How do you know when it’s time to replace a floor pad?


All pads have an estimated life span based in square footage, but it’s important to note that most pads are developed for double-sided use. The best practice is to observe how well the pad is performing on the floor. Generally speaking, when a pad has lost 50 percent of its original weight and thickness, it is time to replace the pad.
— John Miller, VP of Executive Sales and Marketing, Americo Manufacturing Company, Acworth, Georgia

The life of a floor pad fluctuates based upon the many variable conditions that exist, such as: how dirty the floor is, how often a floor is cleaned or polished, how solid the floor finish is, and how fast the machine is running at, let alone how much experience the operator possesses.
In general, however, floor pads will need to be changed when you can see the face loaded up or when the pad starts to produce less results requiring more passes. Time is money and a fresh high performing pad is most desirable.
— Rory Beaudette, VP Sales/COO, ACS Industries, Inc., Lincoln, Rhode Island

Pads need to be replaced when there is an excessive “load” of dirt and grime on the surface and throughout the pad. Also, watch for pad “thinning” and loss of resiliency, or aggressiveness as it relates to scrubbing and stripping. These are signs that the pad is compromised.
— Dennis Knapp, Director of Product Development, Impact Products, Toledo, Ohio

Replacement is necessary when the pad loses its effectiveness in doing the job it is manufactured for. In the case of the strip and pad, it may load up with finish and no longer effectively strip the floor. It may also wear off the abrasives and no longer remove the finish. A burnishing pad may become dirty, loaded with finish it is removing or become ripped and no longer be effective.
— Randall Flowers, Vice President of Corporate Accounts, ETC of Henderson, Inc., Henderson, North Carolina

What maintenance tips do you recommend to extend the life of pads?


Pads must be cleaned after every use. Do not soak pads in cleaning or stripping solution as this will break down binder over time. Use a hose with a garden nozzle with hot water to remove soils and finish from the pad.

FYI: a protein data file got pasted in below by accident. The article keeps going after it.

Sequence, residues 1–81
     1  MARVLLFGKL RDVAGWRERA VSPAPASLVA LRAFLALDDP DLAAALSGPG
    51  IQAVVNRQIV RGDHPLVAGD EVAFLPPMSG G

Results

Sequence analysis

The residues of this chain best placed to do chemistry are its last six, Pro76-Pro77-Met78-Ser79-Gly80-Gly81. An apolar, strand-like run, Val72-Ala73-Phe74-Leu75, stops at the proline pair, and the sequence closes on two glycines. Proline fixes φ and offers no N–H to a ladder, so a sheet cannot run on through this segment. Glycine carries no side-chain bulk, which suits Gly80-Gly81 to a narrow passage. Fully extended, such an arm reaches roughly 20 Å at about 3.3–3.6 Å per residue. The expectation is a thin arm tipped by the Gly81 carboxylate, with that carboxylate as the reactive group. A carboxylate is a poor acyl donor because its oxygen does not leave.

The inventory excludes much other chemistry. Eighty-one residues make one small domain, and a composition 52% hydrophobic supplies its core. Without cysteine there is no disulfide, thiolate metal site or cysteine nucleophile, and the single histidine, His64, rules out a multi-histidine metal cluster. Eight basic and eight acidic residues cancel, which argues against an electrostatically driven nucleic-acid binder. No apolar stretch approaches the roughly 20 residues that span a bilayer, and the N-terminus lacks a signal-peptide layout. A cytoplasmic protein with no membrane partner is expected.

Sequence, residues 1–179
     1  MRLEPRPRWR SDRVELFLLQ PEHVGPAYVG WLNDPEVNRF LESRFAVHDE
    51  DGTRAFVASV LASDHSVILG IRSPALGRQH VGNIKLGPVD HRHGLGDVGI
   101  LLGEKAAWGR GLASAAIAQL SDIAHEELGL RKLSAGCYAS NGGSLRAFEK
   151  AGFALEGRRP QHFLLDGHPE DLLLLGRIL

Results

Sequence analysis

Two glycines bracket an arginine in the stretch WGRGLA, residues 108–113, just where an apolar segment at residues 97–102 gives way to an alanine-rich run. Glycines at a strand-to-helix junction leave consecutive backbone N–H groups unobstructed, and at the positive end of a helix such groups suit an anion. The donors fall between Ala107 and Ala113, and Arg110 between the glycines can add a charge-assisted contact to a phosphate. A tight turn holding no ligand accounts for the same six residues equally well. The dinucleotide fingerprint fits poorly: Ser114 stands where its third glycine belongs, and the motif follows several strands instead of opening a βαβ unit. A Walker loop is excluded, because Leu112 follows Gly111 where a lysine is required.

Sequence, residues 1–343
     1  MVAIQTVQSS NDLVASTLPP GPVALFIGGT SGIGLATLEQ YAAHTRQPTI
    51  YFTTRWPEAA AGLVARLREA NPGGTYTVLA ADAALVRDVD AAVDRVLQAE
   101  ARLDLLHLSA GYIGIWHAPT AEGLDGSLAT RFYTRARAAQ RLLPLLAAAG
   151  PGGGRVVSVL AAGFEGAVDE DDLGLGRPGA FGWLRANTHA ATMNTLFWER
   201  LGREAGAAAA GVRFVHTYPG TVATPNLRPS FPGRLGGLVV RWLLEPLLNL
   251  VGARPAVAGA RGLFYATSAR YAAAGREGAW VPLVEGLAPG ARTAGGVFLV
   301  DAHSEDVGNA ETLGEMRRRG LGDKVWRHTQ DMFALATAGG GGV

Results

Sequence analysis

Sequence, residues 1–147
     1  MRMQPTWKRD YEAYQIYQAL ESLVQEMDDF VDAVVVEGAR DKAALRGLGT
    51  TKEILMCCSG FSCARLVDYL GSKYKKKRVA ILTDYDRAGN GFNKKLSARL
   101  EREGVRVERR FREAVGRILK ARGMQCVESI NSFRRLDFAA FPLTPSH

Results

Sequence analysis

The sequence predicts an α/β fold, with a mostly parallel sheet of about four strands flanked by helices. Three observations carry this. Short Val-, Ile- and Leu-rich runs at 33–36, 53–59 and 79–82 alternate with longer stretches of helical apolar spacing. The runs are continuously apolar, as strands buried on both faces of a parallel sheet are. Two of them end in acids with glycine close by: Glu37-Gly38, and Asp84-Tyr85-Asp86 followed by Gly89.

It’s important that you don’t allow soil or finish to dry on the pad. If they can’t be cleaned immediately, store soiled pads in a plastic liner bag to keep them moist until they can be properly cleaned.
In addition to cleaning, departments should use proper pad driving accessories on machines. An improper or worn pad holder allows the pad to move, which may cause damage.
— John Miller, VP of Executive Sales and Marketing, Americo Manufacturing Company, Acworth, Georgia

Clean floor pads after each use — water for cleaning/buffing/stripping pads, "dust off" for dry burnishing pads. Alternating between several floor pads during each cleaning task. Also never leave a pad under a machine with full weight on the floor. Avoid damaging edges against shelving. And avoid any bolts or other items sticking up off the floor surface, which could damage web integrity.
— Dennis Knapp, Director of Product Development, Impact Products, Toledo, Ohio

Take the pad off of the machine, rinse it, brush it out and hang it to dry after each use. In the case of natural fiber pads, it is not recommended to rinse the pad. With natural fiber pads, simply brush it out with the center hole and hang it up so it can be used again. Stripping pads can be rinsed in stripping solution.
— Randall Flowers, Vice President of Corporate Accounts, ETC of Henderson, Inc., Henderson, North Carolina

Pad life can be extended by taking regular care. Pads should be cleaned and rinsed after use to remove soil then hung to dry. This process will extend pad life vs not doing so at all.
— Rory Beaudette, VP Sales/COO, ACS Industries, Inc., Lincoln, Rhode Island